Does your job have you sitting on your rear most of the day? If so, chances are you have some muscle imbalances – most likely in your core and hips. I’ve addressed the core in past articles and its importance in overall wellness, but I’d like to build on that with a discussion about the glutes.
The glutes are key components in both hip stability and mobility. They work alongside many other muscles of the midsection to keep you moving efficiently. If the glutes are weak or not working at all, it could be compromising the surrounding muscles of the low back, hamstings, hip flexors, and abdominals – which can lead to systemic mobility issues.
We always preach the importance of multi-joint movements such as squats and deadlifts, but if you can’t recruit your glutes on these movements, you may end up with back issues or a strained muscle. You definitely won’t be able to progress as much as you’d like if your weak glutes are always holding you back.
Try the following exercises to build a strong glute foundation.
The Glute Bridge. Lie on your back with your knees bent about 90 degrees. Pull your toes off the floor so only your heels are touching and rotate your toes outward slightly. Raise your hips as high as you can without over-arching your back. As your hips rise, focus on squeezing your glutes together long enough for a strong contraction. If you feel your hamstrings more than your glutes, slide your heels closer to your hips and rotate your toes outward a bit more. Repeat for 10-20 reps.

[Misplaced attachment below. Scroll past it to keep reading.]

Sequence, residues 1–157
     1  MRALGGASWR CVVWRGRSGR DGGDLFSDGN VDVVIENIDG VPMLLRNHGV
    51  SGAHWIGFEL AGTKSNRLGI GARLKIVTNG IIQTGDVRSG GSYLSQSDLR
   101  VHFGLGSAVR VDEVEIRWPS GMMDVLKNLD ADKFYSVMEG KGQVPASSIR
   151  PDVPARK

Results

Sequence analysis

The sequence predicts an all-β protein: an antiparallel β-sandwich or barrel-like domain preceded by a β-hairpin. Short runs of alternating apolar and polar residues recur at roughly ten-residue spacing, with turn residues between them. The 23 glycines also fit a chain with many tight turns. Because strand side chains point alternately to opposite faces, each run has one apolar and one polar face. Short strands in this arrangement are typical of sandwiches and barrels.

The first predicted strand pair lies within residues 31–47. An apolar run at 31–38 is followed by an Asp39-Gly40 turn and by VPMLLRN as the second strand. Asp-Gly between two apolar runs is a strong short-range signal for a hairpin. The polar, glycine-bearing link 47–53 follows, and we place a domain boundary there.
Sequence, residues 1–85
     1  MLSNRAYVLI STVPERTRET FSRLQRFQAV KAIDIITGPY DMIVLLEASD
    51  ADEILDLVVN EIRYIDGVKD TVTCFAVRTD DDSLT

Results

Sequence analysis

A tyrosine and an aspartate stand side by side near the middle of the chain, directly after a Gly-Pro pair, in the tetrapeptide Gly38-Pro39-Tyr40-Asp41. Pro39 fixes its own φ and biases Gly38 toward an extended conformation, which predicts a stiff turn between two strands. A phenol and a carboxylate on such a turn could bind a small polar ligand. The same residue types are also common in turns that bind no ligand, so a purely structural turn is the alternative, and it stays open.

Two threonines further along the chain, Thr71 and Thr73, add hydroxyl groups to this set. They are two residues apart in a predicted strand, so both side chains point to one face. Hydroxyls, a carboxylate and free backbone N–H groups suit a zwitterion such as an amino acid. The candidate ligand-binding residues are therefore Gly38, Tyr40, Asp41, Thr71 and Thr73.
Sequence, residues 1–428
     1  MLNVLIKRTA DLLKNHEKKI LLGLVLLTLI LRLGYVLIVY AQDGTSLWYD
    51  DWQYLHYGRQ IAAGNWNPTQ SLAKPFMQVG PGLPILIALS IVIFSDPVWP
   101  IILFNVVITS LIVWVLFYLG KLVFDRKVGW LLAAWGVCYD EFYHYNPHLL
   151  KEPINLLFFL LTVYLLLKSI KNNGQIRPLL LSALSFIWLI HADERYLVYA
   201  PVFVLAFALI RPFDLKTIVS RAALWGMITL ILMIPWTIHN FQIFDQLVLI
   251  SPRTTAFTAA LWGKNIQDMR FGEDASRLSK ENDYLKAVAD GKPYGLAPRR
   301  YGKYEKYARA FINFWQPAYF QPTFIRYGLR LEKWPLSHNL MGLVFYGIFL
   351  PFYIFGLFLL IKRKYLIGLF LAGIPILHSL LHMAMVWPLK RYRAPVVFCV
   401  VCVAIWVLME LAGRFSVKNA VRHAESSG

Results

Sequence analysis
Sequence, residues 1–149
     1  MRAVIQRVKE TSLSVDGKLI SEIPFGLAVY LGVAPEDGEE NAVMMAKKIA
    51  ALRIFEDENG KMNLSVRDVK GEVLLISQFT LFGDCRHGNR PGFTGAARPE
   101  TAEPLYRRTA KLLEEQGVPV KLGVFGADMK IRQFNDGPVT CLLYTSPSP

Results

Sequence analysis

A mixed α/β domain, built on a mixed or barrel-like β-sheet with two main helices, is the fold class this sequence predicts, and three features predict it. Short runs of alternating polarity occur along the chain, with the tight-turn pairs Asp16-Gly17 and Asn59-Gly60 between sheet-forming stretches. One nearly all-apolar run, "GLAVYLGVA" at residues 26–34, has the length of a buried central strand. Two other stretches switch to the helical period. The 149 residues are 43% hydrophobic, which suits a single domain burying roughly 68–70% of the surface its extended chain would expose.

Lateral Band Step. While holding a resistance band, step on it so it’s anchored down in the middle part of your foot. Cross the band over and pull up and back to create some tension on the band. Begin with feet hip width apart and strive to always keep tension on the band. While keeping your feet parallel to each other, step laterally to a shoulder width position. Keep your knees slightly bent and your hips back as you step. Maintain constant control and be sure to minimize any side to side tilting as you step. Never lead with your toes, but rather the lateral edge of your foot. Step back and forth in a controlled manner for 10-20 reps.
The Bird Dog. Begin on your hands and knees with arms straight and knees bent 90 degrees. Engage your core and stabilize your hips so your low back maintains a natural curve. Simultaneously raise your right arm and your left leg. Extend your fingertips forward as you point your toes back. Think of squeezing your glute on the elevated leg without over-arching your back. At the same time engage your shoulder blade on the elevated arm. Hold for a strong squeeze and then repeat for 10-20 reps per side.
So perform any or all of these exercises as a means to improve your glute strength and recruitment capabilities. Couple these with multi-joint movements such as squats, deadlifts, and lunges as you progress to get the greatest overall results.